I was — and still am — in favour of having co-located teams. But over the last few years, I have had to ask myself, at what expense? After all, as quickly as I can point to the “face-to-face” principle, I can just as quickly refer to the 4th value in the Agile Manifesto; “Responding to change over following a plan”.
Whether I like it or not, the world has moved on from when I started my own personal Agile journey almost 20 years ago. How Agile is being implemented has itself evolved since the time that the Agile Manifesto was signed. Employees everywhere desire more flexibility with regards to work location and hours. A fairer work-life balance is high up on the agenda of many people.
At the same time, companies operate on an international scale with multiple locations all over the world. Humanity’s priorities have got to, and are, changing. Climate change is a major concern for us all and an increasing number of organisations are adopting climate friendly travel policies alongside other actions aimed at being environmentally friendly. There is an increased focus on creating equal opportunities, diversity, and inclusion. Technological advances have continued to accelerate, with more and more advanced remote collaboration tools available to teams who are trying to bridge the distance between physical locations. Today’s global economy increasingly requires people to collaborate in teams that cross cultural and geographical boundaries. And the world continues to prove that the future is unpredictable; I am writing this while I am sitting down at my kitchen table which has become my temporary office in the middle of a lockdown caused by the COVID-19 pandemic, having just finished facilitating an online workshop involving people from 4 different continents.
Another principle from the Agile Manifesto came into my mind when reflecting on all of this; “The best architectures, requirements, and designs emerge from self-organizing teams”. The “self-organizing teams” part really stands out. I visited a company last year who were really keen to adopt Scrum. They were completely new to the Scrum framework and so they consulted external Agile Coaches. These Agile Coaches told the leadership team that they were not able to do Scrum because not all employees were working in the same physical location. As the leadership team were so eager to adopt Scrum, employees were given the option of either moving with their families to a centralised location, or to take redundancy. As a consequence, a large number of people left the company and had to look for a job elsewhere. Aside from the fact that nowhere in the Scrum Guide does it say that it is mandatory for Scrum teams to be co-located, other options could have been looked into in this case.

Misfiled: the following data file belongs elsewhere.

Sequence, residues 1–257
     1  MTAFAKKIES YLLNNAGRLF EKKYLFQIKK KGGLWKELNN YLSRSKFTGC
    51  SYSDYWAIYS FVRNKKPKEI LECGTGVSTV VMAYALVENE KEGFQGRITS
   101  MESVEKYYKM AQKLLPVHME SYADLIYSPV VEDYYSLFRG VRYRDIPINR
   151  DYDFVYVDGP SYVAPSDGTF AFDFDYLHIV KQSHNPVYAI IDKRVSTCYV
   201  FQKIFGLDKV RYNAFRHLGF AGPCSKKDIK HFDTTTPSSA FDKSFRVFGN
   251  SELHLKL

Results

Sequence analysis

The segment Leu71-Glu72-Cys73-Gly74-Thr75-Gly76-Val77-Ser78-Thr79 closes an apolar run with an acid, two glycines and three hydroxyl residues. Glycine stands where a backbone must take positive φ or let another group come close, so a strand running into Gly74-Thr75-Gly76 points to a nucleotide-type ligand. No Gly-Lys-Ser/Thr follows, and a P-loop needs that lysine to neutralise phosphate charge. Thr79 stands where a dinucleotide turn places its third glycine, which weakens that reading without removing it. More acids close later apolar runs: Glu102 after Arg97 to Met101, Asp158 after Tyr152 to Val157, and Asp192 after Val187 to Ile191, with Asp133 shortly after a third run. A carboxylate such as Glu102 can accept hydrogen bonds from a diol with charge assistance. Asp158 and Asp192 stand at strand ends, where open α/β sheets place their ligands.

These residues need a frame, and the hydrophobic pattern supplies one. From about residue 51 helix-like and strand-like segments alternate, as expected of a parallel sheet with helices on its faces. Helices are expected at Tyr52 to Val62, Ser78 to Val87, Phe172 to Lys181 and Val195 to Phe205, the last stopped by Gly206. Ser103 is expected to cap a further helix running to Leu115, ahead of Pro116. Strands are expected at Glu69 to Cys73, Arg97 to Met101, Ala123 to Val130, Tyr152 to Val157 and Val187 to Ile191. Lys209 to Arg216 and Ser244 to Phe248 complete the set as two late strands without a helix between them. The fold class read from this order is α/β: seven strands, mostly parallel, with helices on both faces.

Leadership’s role in an Agile environment should be to ensure that teams have a clear purpose and to create the boundaries within which they can self-organise. If we are to embrace self-organisation, why not leave it to the team to decide how they will coordinate and collaborate? Why not support teams in their continuous improvement journey in which they explore for themselves how to achieve their team’s purpose and goals however they are geographically distributed? It could be the case that some teams discover for themselves that being spread across multiple locations just does not work for them. Or some teams could actually thrive, finding ways to organise themselves that works for them.
One company that I visited in Uruguay allowed their employees to work remotely whenever they wanted. They found that many people preferred to come into the office locations on most days because they wanted in-person contact with their peers that they would be missing if they were working from home. People had been given the option and it was up to them to decide and agree within their teams how they wanted to work together to meet their goals.